Windows 10 Anniversary Edition May Delete Partitions!



  • Reports have surfaced that there may be a problem with the latest Windows 10 Anniversary Edition updates that may cause some partitions to not be detected leading to them getting deleted!

    Slashdot reports on Windows 10 deleting data on Linux partitions.


  • Banned

    Click bait.

    Title should be Linux Partitions....



  • @Breffni-Potter said in Windows 10 Anniversary Edition May Delete Partitions!:

    Click bait.

    Title should be Linux Partitions....

    That's a misnomer. Linux has nothing to do with it. It's Windows deleting partitions. Partitions are partitions, there is no such thing as a Linux partitions. People are trying to downplay a Windows data destruction operation by trying to make it sound like it could passively be caused by the use of a different filesystem in one of the partitions.

    But the issue is Windows blowing away partitions that it has no authority to destroy. That they are used by Linux, might be used by Linux or are exclusively Linux is speculation and irrelevant. The issue is 100% Windows.



  • @Breffni-Potter said in Windows 10 Anniversary Edition May Delete Partitions!:

    Title should be Linux Partitions....

    Even if such a thing as a Linux partitions existed, and even if the issue was exclusively with Linux partitions, the current title is still totally accurate. The issue is with Windows 10 and deleting partitions.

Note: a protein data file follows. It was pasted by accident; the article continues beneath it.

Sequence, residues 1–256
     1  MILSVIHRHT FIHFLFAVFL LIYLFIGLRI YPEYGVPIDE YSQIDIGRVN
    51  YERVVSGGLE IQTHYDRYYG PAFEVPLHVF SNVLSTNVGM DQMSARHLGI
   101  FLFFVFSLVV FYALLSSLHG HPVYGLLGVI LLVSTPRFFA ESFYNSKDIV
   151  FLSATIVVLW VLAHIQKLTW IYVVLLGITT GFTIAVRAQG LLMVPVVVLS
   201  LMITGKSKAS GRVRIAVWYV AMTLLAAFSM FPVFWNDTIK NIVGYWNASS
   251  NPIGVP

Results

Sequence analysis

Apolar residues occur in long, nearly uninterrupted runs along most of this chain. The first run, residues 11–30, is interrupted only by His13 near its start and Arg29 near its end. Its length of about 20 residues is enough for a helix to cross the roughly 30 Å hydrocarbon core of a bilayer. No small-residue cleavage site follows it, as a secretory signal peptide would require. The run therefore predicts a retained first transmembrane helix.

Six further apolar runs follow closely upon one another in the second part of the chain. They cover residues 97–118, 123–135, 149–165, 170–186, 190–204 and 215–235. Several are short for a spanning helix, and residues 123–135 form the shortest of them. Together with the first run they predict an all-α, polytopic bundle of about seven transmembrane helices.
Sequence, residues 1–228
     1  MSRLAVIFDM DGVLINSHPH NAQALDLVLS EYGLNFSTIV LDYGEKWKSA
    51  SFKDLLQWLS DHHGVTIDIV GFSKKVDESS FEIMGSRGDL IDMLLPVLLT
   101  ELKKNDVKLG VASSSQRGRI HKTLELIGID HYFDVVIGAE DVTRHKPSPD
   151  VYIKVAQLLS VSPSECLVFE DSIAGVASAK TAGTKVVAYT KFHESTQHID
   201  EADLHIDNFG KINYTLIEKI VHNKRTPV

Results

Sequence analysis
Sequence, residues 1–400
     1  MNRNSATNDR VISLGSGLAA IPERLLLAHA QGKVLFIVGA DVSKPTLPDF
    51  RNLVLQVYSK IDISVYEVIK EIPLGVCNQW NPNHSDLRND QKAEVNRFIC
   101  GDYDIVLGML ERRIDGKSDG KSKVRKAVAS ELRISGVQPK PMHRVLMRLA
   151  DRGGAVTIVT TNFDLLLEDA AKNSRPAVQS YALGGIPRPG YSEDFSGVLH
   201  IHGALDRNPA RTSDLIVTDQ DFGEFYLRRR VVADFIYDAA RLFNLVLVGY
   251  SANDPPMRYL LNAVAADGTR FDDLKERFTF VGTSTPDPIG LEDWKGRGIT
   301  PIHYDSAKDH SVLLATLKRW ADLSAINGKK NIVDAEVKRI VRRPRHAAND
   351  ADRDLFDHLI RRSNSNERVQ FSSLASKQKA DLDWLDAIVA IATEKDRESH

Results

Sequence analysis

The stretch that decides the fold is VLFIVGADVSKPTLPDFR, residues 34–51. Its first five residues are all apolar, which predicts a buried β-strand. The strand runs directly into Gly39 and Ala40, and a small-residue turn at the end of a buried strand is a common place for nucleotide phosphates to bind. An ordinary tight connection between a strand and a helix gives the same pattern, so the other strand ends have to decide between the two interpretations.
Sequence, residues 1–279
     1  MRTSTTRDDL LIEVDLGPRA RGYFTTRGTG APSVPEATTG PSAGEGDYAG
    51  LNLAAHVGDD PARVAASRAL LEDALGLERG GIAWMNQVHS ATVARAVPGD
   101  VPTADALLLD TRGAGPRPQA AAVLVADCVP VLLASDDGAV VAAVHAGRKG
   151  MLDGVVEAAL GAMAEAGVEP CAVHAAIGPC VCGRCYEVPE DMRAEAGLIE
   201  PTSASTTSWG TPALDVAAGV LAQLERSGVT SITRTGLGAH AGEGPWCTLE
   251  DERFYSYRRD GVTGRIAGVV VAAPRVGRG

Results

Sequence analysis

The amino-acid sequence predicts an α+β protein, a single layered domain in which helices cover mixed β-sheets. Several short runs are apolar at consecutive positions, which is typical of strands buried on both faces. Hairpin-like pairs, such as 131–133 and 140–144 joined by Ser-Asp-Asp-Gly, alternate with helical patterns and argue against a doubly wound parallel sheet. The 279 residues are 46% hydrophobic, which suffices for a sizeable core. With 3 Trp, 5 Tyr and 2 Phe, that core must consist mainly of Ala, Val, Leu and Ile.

• Banned

    @scottalanmiller said

    That's a misnomer. Linux has nothing to do with it. It's Windows deleting partitions. Partitions are partitions, there is no such thing as a Linux partitions. People are trying to downplay a Windows data destruction operation by trying to make it sound like it could passively be caused by the use of a different filesystem in one of the partitions.

    If you had no other operating system other than Windows on the same storage device, would this be a problem?

    Dual Booting always carries caveats. One of them is that MS have decided that any alien partition to their OS is destroyed. What reasons they have decided is up to them. But in a desktop rig, you'd probably have a spare spinning disk for another OS or an SSD, so that also fixes this issue.

    Again, an accident with a Linux install could bork your Windows OS. I've got Windows and Mac sharing a system right now, any issues or snags as a result of a dual install is on me and my choice, Apple updates have broken my bootcamp installs more times then I can count but that's how it is.